posted by Artw on May 19, 2008 - 205 comments

New Scientist Short List of Fun Materials

Walking on liquids, corn starch rocking out to the beat of a subwoofer and materials that expand as they stretch are just some of the cool videos mentioned in The Stuff of Dreams (plenty more links in the last link).
posted by furtive on Jan 3, 2007 - 13 comments

Earth will forget us remarkably quickly

Imagine Earth Without People A great, non-hysterical article about what Earth would be like if we all, one day, vanished.
posted by BuddhaInABucket on Oct 12, 2006 - 71 comments

Save New Scientist!

A plea to save New Scientist magazine from SF author and programmer Greg Egan (whose home page crashes my browser at the moment).
posted by thatwhichfalls on Oct 7, 2006 - 33 comments

Protestors Finished in Under a Minute

Scary Sci-fi inspired riot control being discussed in the New Scientist. I did check to see if this had been posted before...
posted by lerrup on Jul 21, 2005 - 29 comments

Pentagon's bizarre sex bomb

Pentagon's bizarre sex bomb. Cue the Pat Benatar.
posted by theonetruebix on Jan 13, 2005 - 56 comments

Rats Perception Elvis

If rats can distinguish between Japanese and Dutch, why would Elvis have looked like this at age 70?
posted by mcgraw on Jan 9, 2005 - 21 comments

Size -- and 'Erogenous Sensation' -- Matter

Micro-penis sufferers, rejoice!
posted by digaman on Dec 7, 2004 - 50 comments

Simian Cybernetics

Brain implants 'read' monkey minds. (No, not that monkey mind.) A group of CalTech neuroscientists have been able to predict the actions of monkeys by observing neural activity in the parietal and premotor cortices related to planning and motivation (PDF.) Other research previously allowed monkeys to control a robotic arm with their minds; this observed the higher-level goal and value signals, and could lead to more natural thought-activated prosthetic devices for people with paralysis. [Via MonkeyFilter.]
posted by homunculus on Jul 10, 2004 - 29 comments

You are not alone

How many different species live on or in the average human body? New Scientist’s Last Word is often an interesting place to go...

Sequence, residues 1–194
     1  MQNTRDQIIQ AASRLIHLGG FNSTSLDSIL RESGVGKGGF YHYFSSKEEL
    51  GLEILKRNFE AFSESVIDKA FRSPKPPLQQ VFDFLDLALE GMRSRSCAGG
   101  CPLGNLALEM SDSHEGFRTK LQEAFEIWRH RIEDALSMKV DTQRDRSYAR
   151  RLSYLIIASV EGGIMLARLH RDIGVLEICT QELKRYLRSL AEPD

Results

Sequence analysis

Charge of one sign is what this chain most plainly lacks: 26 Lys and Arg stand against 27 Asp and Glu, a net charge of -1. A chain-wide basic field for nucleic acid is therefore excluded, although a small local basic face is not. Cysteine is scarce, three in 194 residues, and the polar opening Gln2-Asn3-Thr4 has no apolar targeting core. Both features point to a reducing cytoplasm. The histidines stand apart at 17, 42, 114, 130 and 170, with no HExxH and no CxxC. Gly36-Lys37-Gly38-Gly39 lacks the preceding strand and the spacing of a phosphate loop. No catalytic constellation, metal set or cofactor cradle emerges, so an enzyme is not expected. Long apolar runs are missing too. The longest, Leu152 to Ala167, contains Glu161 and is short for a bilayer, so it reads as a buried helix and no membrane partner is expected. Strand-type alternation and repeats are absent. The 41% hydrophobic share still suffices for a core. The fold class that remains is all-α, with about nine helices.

posted by Termite on Jul 2, 2004 - 13 comments

Comments on Bomb Crap

Advanced methods of bomb detection and investigation. New equipment developed to scan cars and people, such as a parking lot device which quickly bathes the car's trunk in invisible neutrons, a procedure that makes materials inside the trunk emit gamma-rays that would indicate the presence of explosives. Also, a bomb disposal robot which take[s] fingerprints before blowing [a] package up.
posted by mcgraw on May 3, 2004 - 17 comments

Look around you...

DREAM WORLD Given that green tea provides a more effective and environmentally-friendly method of preparing computer hard disks, pulsars are used to study gravitational waves with great precision, solar cells made from nanocrystals are found to be much more efficient, and scientists have discovered evidence for the earliest known wildfire in Earth's history, 443 to 417 million years ago, it would be hard to make the case that what we are living in is not, in fact, a Dreamworld.
posted by mcgraw on Apr 27, 2004 - 29 comments

It's a hard knock life

New Scientist reports that a virus has been built up from mail order components. Other reports on this are in USA Today and Nature. This isn't time life has been created in the lab, as previously linked.
What's interesting is that this study was funded by the Department of Energy to produce a completely man made lifeform that can create hydrogen or consume greenhouse gasses. The present virus is an artificially created copy of a naturally occurring virus.
posted by substrate on Nov 14, 2003 - 7 comments

The HRE was neither holy nor roman, talk amongst yourselves (about GMOs)

Today the British government released a major report on the safety of genetically modified foods. According to New Scientist, "existing genetically modified crops and foods pose a 'very low' risk to human health and are 'very unlikely' to rampage through the British countryside", but others disagree.
posted by turbodog on Jul 21, 2003 - 58 comments

Enslaved by free trade